Ecuador native Maritza Guichay moved to East Hampton 17 years ago, but only recently stepped foot inside Town Hall.
“The Latino community, including myself, didn’t feel that Town Hall was a place for us — mostly out of not knowing what we could encounter,” said Guichay, 29. “The language barrier plays a big role. They don’t speak Spanish there.”
Guichay, a comptroller, said she hopes that will all change through the new 10-member Latino Advisory Committee that she will co-chair. The town board approved the group’s formation on Feb. 4. Its goal is to encourage Hispanics who live and work in East Hampton to become more involved in local government and the broader town community.
Angela Quintero, a Colombia native who lives in East Hampton Town and is the other co-chair, noted Latinos comprise more than one-third of the town’s residents and half of its students, yet there are no Hispanic members of the school board. There are also no Latinos on the town board.
“We’re happy about the new committee, and it’s the town supervisor who started it all,” said Guichay, referring to Larry Cantwell. “He approached us and wanted to work with us to integrate us into the community. Basically the town is welcoming us.”
Cantwell will act as the council’s liaison. The committee’s first meeting is March 18 at Town Hall, but the time has not been scheduled. Town officials will discuss East Hampton’s new rental registry law, and the session will be interpreted in Spanish.
Other topics to be addressed by the group in coming months are immigration and the relationship between Latinos and local police.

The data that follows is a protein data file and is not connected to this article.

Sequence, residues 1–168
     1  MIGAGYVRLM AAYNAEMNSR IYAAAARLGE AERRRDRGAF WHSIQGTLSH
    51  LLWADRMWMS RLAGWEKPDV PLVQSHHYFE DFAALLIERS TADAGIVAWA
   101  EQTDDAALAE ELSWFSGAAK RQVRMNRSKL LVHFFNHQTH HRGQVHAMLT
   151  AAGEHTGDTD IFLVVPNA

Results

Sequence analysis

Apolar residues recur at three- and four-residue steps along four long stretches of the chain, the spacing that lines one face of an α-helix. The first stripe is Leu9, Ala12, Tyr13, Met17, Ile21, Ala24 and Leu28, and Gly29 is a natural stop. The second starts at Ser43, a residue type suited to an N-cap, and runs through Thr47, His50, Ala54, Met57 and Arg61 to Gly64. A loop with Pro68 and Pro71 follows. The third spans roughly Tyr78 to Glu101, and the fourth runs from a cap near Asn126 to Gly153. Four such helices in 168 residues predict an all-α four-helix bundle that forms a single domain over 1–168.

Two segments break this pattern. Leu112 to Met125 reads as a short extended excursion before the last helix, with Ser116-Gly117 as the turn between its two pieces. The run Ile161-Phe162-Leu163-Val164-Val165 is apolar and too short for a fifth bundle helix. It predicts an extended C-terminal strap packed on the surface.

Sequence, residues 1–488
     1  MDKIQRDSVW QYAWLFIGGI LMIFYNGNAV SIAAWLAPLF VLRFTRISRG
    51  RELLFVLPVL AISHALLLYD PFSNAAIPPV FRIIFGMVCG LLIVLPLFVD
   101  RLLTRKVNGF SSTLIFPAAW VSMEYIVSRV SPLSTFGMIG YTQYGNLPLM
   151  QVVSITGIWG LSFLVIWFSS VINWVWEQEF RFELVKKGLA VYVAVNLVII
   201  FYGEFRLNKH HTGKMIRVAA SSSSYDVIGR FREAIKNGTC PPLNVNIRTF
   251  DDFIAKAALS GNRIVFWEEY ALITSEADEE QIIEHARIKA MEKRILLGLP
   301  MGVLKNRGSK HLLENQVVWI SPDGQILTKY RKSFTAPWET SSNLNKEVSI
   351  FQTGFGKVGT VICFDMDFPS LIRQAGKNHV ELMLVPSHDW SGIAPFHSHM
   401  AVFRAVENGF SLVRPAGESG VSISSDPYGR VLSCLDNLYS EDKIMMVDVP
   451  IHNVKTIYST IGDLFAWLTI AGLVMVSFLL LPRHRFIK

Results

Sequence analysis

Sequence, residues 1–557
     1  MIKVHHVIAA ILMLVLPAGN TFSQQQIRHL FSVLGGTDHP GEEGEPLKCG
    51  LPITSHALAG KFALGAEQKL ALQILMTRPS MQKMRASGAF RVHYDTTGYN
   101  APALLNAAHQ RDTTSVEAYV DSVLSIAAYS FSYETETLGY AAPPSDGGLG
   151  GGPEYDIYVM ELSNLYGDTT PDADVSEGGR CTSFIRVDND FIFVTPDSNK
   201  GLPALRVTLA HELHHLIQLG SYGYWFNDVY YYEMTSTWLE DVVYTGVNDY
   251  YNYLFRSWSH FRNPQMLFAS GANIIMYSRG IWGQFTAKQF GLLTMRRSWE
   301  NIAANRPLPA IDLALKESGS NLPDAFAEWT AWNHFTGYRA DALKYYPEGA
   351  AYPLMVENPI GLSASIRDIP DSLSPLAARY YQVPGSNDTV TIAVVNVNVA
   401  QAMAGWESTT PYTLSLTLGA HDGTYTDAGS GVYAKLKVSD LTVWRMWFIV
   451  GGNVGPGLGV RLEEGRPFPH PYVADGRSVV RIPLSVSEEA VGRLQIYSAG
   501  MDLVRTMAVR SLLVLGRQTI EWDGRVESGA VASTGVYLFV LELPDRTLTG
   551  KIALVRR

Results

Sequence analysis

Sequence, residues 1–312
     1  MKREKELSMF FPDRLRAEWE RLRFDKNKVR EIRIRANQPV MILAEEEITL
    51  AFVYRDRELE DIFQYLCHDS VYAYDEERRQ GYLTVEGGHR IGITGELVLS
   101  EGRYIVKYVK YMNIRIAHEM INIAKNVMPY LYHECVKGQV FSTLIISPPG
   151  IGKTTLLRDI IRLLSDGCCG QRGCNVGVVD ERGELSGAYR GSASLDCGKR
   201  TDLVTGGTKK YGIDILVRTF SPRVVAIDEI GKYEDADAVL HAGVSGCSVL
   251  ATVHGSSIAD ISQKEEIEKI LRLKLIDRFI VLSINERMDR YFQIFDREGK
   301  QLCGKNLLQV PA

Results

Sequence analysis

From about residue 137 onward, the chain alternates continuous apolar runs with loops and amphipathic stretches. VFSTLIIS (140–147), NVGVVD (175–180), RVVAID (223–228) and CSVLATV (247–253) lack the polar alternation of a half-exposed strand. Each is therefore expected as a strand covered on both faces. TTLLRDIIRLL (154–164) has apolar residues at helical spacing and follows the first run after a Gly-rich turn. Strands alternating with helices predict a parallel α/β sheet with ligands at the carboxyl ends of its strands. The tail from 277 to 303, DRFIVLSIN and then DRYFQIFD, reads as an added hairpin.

Guichay said the rental registry law is important to Latinos “because we rent and are homeowners.” She added that better communication between East Hampton’s Latinos and the police is another priority.
“Unfortunately there’s a lot of misunderstanding about what the police can or cannot do, and what I like most is that the chief of police wants to talk with us about that,” Guichay said.
Police Chief Michael D. Sarlo said he wants a more open dialogue with the town’s Latinos and called the creation of the committee “a positive step forward.”
Sarlo said he wants to address topics ranging from the expectations of police at traffic stops and their role in immigration issues to the importance of child safety seats.
“It is clear we must ensure our Latino citizens understand our role is strictly to enforce laws and protect and serve the citizens of our community, regardless of immigration status.”
Sarlo said there’s a need to “bridge the communication gaps and continue to foster trust and understanding.”